© 2023 – Johnny Martyr Leica M6 TTL, 15mm Heliar, Kodak TMAX 100

Euro-Photo Beaumarchais
89 boulevard Beaumarchais 75003 Paris France
+01 48 87 20 00

Next on the trip was Euro-Photo. This little broom closet was exactly what I like in a camera shop and I think many others do too. The place was so packed that people were window shopping as they waited for someone else to leave and make room for them to enter. Two employees looked over the craziness. One was an older Asian gentleman who was very kind and I got the impression might be the owner and repair sage. The other gentleman manned the register and rung up an Leica logo enamel pin that my daughter purchased and has proudly worn on her knit hat ever since. I came close to buying a beautiful 1930’s black Leica III at Euro Photo, which was very similar to my 1930 Leica III. I went so far as to handle it and go through the shutter speeds. Over the din of the crowd, I could barely hear its whispery clicks but it felt and sounded wonderful. What I enjoyed about this shop was that the staff remained attentive to each customer despite being super busy. And their selection of cameras is exactly the price bracket and style that I’m into. They had many metered Leica M’s with original boxes/paperwork for example, not alot of shelf queens or casual collectibles. Euro Photo seems like a nice, working film photographers’ shop.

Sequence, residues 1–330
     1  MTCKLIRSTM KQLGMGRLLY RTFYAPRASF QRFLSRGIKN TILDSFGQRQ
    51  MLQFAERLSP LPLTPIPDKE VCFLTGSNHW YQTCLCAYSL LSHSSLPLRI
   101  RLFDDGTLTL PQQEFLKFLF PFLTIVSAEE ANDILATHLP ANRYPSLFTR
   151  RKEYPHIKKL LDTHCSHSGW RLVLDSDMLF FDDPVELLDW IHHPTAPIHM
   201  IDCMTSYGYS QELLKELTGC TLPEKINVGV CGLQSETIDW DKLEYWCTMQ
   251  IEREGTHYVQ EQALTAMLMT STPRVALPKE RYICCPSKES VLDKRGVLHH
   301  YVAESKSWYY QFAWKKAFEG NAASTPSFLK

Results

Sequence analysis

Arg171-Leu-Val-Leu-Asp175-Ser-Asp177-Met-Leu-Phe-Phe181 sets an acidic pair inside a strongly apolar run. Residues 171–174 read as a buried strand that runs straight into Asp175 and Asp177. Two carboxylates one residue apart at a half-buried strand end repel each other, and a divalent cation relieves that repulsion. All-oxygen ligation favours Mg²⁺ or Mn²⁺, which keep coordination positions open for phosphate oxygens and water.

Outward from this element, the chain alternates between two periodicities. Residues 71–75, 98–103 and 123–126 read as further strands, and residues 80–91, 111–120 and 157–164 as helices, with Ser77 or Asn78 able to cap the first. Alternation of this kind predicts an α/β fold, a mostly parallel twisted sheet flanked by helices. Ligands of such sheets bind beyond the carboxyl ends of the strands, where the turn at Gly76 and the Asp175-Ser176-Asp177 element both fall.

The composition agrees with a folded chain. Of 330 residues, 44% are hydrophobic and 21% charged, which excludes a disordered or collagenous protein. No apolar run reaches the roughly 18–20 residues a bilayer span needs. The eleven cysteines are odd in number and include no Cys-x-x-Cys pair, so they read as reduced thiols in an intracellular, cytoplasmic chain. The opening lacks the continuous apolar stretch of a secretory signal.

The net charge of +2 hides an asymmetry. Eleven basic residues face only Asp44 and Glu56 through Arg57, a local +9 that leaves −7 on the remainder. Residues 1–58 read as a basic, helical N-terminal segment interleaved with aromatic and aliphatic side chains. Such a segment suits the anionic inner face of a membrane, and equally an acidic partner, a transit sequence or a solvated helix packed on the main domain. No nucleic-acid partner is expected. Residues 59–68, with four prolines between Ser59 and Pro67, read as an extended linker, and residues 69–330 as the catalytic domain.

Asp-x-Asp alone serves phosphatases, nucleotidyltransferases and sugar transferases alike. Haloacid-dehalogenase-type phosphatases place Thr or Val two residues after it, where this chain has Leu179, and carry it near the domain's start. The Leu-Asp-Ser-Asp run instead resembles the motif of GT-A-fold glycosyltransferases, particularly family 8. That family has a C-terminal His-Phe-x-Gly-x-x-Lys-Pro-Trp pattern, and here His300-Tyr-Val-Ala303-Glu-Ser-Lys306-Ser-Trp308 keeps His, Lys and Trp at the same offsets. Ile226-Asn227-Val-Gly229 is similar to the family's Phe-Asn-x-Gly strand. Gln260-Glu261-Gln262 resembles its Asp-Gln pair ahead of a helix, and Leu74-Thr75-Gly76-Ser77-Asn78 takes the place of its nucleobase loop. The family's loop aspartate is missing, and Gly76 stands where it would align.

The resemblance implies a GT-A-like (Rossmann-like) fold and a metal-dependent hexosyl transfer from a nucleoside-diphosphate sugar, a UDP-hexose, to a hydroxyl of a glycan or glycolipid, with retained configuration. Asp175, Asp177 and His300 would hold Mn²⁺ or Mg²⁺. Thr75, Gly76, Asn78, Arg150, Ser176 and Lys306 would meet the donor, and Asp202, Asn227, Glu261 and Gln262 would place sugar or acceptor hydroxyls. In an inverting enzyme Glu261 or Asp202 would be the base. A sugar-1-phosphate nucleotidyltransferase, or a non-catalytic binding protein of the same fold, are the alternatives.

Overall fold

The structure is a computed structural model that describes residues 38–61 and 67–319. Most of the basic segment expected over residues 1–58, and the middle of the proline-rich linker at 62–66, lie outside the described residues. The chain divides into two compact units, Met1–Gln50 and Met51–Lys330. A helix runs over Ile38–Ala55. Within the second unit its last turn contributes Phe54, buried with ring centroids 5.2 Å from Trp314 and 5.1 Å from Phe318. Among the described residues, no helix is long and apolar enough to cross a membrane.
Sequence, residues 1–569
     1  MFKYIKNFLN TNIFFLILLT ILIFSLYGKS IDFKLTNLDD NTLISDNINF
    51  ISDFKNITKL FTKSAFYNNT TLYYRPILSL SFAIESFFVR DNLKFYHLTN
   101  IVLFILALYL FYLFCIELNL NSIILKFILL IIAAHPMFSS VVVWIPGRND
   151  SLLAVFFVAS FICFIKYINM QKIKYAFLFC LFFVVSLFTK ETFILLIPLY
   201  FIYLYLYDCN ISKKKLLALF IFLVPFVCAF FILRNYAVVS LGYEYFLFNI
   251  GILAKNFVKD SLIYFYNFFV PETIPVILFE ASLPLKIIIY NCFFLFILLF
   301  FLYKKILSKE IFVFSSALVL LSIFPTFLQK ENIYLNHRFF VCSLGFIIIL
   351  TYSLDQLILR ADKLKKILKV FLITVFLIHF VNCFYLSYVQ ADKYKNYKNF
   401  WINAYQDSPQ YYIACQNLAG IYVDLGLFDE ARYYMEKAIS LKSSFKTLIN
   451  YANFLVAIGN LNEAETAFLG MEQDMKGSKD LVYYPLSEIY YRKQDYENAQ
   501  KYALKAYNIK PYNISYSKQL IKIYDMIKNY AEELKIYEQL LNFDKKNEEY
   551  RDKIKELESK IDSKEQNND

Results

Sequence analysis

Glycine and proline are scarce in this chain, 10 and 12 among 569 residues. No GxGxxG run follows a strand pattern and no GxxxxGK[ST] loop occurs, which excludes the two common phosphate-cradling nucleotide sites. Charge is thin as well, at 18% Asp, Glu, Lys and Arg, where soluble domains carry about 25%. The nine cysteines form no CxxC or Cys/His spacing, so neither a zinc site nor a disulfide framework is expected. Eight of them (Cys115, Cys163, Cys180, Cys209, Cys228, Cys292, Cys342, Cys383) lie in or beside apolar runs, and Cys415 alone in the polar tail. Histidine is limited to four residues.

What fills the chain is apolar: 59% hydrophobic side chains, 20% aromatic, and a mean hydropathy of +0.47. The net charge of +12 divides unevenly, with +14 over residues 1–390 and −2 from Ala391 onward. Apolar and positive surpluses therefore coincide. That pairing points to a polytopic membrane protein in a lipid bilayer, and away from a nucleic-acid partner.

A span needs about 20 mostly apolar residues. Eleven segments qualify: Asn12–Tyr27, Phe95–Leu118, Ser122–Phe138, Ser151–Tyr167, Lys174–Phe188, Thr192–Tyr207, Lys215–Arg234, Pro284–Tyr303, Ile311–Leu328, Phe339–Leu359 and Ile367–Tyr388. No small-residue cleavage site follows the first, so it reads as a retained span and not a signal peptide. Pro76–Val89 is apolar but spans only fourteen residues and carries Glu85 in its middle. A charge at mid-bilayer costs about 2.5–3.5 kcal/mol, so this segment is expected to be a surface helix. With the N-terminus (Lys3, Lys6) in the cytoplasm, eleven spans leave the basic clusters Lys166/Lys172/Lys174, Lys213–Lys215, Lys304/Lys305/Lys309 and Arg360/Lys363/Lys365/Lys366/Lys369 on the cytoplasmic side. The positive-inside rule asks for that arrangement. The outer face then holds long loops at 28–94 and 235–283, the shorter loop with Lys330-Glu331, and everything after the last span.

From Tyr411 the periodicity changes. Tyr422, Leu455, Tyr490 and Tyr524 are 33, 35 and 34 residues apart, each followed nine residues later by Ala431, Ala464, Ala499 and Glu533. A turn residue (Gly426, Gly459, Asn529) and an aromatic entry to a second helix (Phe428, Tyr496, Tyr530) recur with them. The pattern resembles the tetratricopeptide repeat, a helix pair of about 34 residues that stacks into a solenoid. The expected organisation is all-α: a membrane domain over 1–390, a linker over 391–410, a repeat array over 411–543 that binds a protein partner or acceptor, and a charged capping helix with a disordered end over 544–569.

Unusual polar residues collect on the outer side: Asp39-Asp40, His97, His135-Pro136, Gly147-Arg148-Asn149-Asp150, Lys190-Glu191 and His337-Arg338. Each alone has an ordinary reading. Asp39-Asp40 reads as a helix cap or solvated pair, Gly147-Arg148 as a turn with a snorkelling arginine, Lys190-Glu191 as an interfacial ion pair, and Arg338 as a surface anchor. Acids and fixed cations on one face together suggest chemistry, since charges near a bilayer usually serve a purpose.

© 2023 – Johnny Martyr Leica M6 TTL, 15mm Heliar, Kodak TMAX 100

Atelier Images Services
79 Bd Beaumarchais, 75003 Paris, France
+33 1 48 05 92 45

Atelier Images is primarily a repair shop with a small clutch of more modern Japanese SLR’s for sale. Though their inventory isn’t exactly in my wheelhouse, we stopped in because they were only a short walk down from Euro-Photo. If I went by impressions alone, this shop seemed the most clean and orderly which are traits I prefer in a repair shop!

© 2023 – Johnny Martyr Leica M6 TTL, 50mm Summicron, Kodak Tri-X 400

Photo Vincent
67 Rue Ste Anne 75002 Paris France
+33 1 45 51 58 91